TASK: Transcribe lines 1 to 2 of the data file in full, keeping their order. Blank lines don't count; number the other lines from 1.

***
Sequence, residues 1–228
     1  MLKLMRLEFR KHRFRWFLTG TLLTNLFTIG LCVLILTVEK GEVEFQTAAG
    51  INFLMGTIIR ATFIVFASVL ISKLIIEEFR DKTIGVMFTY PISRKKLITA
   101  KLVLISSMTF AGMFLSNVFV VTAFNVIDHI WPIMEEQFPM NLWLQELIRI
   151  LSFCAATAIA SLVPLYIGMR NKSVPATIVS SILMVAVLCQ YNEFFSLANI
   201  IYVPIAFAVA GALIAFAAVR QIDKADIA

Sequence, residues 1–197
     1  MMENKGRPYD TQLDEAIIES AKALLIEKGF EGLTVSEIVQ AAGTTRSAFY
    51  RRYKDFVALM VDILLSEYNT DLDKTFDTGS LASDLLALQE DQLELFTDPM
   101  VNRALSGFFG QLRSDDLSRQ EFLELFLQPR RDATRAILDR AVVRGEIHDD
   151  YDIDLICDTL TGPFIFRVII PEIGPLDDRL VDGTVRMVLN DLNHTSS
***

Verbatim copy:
Sequence, residues 1–228
     1  MLKLMRLEFR KHRFRWFLTG TLLTNLFTIG LCVLILTVEK GEVEFQTAAG